If you haven’t caught up with them yet, Ninebarrow are Jon Whitley and Jay LaBouchardiere. They are from Dorset and Dorset is a part of them and very much a part of this album. The record begins with two very contrasting songs. The first, ‘The Hour Of The Blackbird’, is a pastoral piece heralding the coming of spring and expanding the pagan idea of the winter and summer kings. It’s followed by ‘Halsewell’, the story of Dorset’s worst shipping disaster with dramatic vocals and a suitably thunderous accompaniment.

Jon’s multi-instrumental skills are augmented by James’ reed organ and various basses and drums, notably from Evan Carson, Joe Limburn and producer Mark Tucker with backing vocals from The Teacups. The biggest sound, however, comes from Barney Morse-Brown’s string arrangements recorded by him and Jane Griffiths and when I say big, I mean big.

‘Prickle-Eye Bush’ is a song that has come back into fashion again – or maybe it never went away – and I’m always tempted to skip over it on an album. Ninebarrow try to do something different with it and the hand percussion breathes some life back into it. That’s followed by ‘While Gamekeepers Lie Sleeping’ as borrowed from June Tabor. Neither of these songs are necessarily from Dorset but they could be. Jon and James immediately return home or ‘Hwome’ with that most Dorset of poets, William Barnes, but the song doesn’t overly rely on dialect and the arrangement is really nice, particularly in the outro section.

The title track is definitely an immigrant being derived from W B Yeats’ ‘The Stolen Child’ but the tune of ‘Row On’ was composed by another local, Tim Laycock and ‘Gather It In’ is a catalogue of old harvest customs. The last track is John Kirkpatrick’s ‘Sing A Full Song’, a song with a universal emotional appeal.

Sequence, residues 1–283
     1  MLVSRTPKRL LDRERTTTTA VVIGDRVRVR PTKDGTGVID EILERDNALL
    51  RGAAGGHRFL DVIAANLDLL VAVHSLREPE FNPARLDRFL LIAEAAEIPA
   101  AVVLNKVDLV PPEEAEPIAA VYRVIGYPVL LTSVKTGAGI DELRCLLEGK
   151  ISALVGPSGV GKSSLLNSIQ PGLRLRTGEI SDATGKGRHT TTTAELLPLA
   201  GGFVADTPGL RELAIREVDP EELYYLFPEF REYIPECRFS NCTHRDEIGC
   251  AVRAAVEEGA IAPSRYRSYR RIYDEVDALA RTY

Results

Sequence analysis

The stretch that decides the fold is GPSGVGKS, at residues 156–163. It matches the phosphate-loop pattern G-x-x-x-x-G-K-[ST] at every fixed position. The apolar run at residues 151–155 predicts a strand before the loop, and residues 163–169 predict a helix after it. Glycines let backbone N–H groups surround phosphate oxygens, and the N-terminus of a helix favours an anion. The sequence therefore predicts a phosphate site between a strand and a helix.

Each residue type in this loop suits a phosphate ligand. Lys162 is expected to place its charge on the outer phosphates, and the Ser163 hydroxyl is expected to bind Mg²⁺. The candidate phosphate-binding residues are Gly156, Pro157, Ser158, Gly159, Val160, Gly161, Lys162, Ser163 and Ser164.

The lyrics and background information can be downloaded for free – lucky me, I received a pukka copy with the album; a rare case of a generous press agent. You know who you are. Although the words are not essential to the enjoyment of the album they, and the song notes, help to draw you into Ninebarrow’s musical world which is a very good place to be.

Dai Jeffries

Please support us and order via our UK or US Storefront 


Click banner above to order featured CD/ Vinyl/ Download/ Book/ DVD
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Buying through Amazon on folking.com helps us to recover a small part of our running costs, so please order anything you need as every little purchase helps us.

Artists’ website: www.ninebarrow.co.uk

‘Prickle-Eye Bush’ – live:

Holywell Music & Folk – more 2018 concerts

Holywell Music
Photograph by Jo Elkington

Passionate music love and promotor Geoff Smith is keeping Holywell’s music tradition alive and singing in the heart of Oxford with a regular new concert series which is already off to a flying start: Holywell Music & Folk.

Holywell Music Room first opened its beautiful auditorium to the ears of the discerning music lover in 1748, and the room has hosted the best around for over 269 years now, from Handel to the Oxford Philharmonic. Now, thanks to lifelong music fan Geoff Smith, the driving force behind the exciting new live music venture Holywell Music & Folk, some of the best artists from the folk and singer-songwriter scene are now playing in this historic venue in the heart of Oxford.

Geoff has attracted some exciting support from Patron artists of this new venture, all of whom will be performing at the venue in 2018: